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Publication numberUS6922856 B2
Publication typeGrant
Application numberUS 10/672,568
Publication dateAug 2, 2005
Filing dateSep 26, 2003
Priority dateSep 26, 2003
Fee statusLapsed
Also published asUS20050066436
Publication number10672568, 672568, US 6922856 B2, US 6922856B2, US-B2-6922856, US6922856 B2, US6922856B2
InventorsOfir Mazar
Original AssigneeOfir Mazar
Export CitationBiBTeX, EndNote, RefMan
External Links: USPTO, USPTO Assignment, Espacenet
Safety bathtub
US 6922856 B2
Abstract
A safety bathtub including at least one upstanding wall; and a built-in thermometer in the wall, the thermometer including a measuring portion and a scale portion, and the thermometer being mounted such that the measuring portion is immersed in water when the bathtub has water in it, and the scale portion is out of the water when the bathtub has water in it, for continual monitoring from outside and above the bathtub.
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Claims(11)
1. A safety bathtub comprising:
a tub having a bottom, an upstanding wall integrally formed with and extending from the bottom, and an integrally pre-formed thermometer-receiving recess in said upstanding wall of said tub;
said recess being formed with a portion below a water level line and a portion above said water level line; and
a built-in mounted thermometer in said recess, said thermometer including a measuring portion and a scale portion, and said thermometer being mounted such that said measuring portion is immersed in water when the bathtub has water in it regardless of said water level line, and said scale portion is mounted out of the water when the bathtub has water in it regardless of said water level line, for continual temperature monitoring during use by a person outside and above the bathtub.
2. The safety bathtub according to claim 1, wherein said thermometer is releasably mounted by friction in said recess.
3. The safety bathtub according to claim 1, wherein said thermometer is permanently mounted in said recess.
4. The safety bathtub according to claim 1, wherein said thermometer is a digital thermometer.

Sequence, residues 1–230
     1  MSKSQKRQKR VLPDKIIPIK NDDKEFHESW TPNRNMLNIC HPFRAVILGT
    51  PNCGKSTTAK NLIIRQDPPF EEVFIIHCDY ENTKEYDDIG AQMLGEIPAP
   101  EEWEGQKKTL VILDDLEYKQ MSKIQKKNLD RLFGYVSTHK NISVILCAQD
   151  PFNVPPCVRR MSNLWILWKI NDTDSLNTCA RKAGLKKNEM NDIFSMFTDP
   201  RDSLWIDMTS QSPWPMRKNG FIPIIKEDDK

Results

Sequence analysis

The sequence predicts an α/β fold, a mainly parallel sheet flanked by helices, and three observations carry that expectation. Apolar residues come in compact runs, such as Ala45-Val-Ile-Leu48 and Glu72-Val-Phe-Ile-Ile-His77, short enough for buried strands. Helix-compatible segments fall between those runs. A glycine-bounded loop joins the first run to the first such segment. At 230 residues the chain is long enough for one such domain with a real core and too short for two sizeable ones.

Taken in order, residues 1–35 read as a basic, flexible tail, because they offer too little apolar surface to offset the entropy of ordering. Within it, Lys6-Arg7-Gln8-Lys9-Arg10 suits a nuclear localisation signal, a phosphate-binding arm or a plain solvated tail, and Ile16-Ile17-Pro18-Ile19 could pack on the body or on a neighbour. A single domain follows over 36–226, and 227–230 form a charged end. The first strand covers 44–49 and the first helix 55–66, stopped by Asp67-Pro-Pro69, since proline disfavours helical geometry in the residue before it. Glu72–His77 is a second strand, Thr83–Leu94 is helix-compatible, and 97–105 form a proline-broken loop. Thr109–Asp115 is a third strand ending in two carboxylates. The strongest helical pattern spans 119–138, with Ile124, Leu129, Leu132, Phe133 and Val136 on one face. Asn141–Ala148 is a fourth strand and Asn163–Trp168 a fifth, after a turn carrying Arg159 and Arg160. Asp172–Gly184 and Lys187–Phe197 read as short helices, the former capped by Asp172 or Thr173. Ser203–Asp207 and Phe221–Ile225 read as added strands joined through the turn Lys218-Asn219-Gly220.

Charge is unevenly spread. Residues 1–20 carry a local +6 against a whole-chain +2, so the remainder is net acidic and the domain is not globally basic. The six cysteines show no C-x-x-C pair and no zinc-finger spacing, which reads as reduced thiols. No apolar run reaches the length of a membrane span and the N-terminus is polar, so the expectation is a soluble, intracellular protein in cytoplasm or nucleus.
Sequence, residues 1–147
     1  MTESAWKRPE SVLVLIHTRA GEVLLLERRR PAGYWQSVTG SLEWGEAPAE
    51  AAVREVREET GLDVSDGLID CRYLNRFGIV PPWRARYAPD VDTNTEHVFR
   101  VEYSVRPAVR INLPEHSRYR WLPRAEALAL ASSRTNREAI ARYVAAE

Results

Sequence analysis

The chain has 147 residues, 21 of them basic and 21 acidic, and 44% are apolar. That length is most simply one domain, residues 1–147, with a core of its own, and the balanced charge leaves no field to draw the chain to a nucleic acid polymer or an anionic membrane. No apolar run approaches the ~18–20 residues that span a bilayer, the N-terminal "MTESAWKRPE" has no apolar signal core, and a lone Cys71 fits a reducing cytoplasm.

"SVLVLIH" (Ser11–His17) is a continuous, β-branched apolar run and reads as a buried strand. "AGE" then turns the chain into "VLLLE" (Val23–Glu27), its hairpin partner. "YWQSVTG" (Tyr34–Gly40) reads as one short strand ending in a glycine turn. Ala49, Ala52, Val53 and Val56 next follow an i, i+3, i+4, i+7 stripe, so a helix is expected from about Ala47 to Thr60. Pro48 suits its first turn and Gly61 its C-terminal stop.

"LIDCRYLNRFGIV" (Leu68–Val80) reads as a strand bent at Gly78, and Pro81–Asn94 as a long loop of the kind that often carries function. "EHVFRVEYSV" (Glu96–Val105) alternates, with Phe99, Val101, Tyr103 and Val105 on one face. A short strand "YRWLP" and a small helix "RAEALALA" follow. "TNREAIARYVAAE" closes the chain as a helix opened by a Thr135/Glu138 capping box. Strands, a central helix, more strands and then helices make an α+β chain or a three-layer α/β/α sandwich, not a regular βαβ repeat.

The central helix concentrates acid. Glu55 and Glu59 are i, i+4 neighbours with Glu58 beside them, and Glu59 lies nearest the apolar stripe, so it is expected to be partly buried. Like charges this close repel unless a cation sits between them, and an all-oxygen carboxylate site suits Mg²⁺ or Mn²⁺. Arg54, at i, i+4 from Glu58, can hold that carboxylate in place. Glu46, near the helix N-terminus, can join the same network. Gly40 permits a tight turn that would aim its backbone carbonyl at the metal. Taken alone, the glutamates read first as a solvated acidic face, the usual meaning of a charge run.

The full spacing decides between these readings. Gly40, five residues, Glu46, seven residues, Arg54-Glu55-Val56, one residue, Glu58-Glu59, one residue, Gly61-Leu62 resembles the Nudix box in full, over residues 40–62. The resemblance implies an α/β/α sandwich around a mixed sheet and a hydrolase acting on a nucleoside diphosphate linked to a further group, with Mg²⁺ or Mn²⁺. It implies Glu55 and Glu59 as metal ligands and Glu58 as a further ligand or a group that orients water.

5. The safety bathtub according to claim 1, wherein said thermometer is bent at an angle such that said measuring portion is beneath said water level line while said scale portion faces upwards on a top lip of said tub.
6. The safety bathtub according to claim 1, wherein said thermometer is seated within said recess flush with said wall, so as not to protrude or extend into the bathtub.
7. The safety bathtub according to claim 1, wherein said bathtub is a portable baby's bathtub formed of plastic.
8. The safety bathtub according to claim 7, wherein said thermometer is seated within said recess flush with said wall, so as not to protrude or extend into the bathtub.
9. A method of forming a safety bathtub comprising the steps of:
forming a tub having a bottom, an upstanding wall integrally formed with and extending from the bottom, and an integrally pre-formed thermometer-receiving recess in said upstanding wall of said tub;
said recess being formed with a portion below a water level line and a portion above said water level line; and
mounting a thermometer, including a temperature measuring portion and a scale portion, in said recess, to form a built-in mounted thermometer, such that said temperature measuring portion is immersed in water when the bathtub has water in it regardless of said water level line, and said scale portion is mounted out of the water when the bathtub has water in it regardless of said water level line, to permit continuous monitoring of the temperature during use in said bathtub beneath said water level line by a person outside and above the bathtub.
10. The method according to claim 9, wherein said step of mounting includes seating said thermometer within said recess flush with said wall, so as not to protrude or extend into the bathtub.
11. The method according to claim 9, wherein said step of forming includes forming said tub with said recess integrally pre-formed partially in said upstanding wall of said tub and extending into a top lip of said tub and further including providing said thermometer bent at an angle and seating said bent thermometer in said recess such that said measuring portion is mounted in said upstanding wall while said scale portions faces upwards on said top lip.
Description
FIELD OF THE INVENTION

The present invention relates to bathtubs in general, and in particular, to a safety bathtub, especially for babies.

BACKGROUND OF THE INVENTION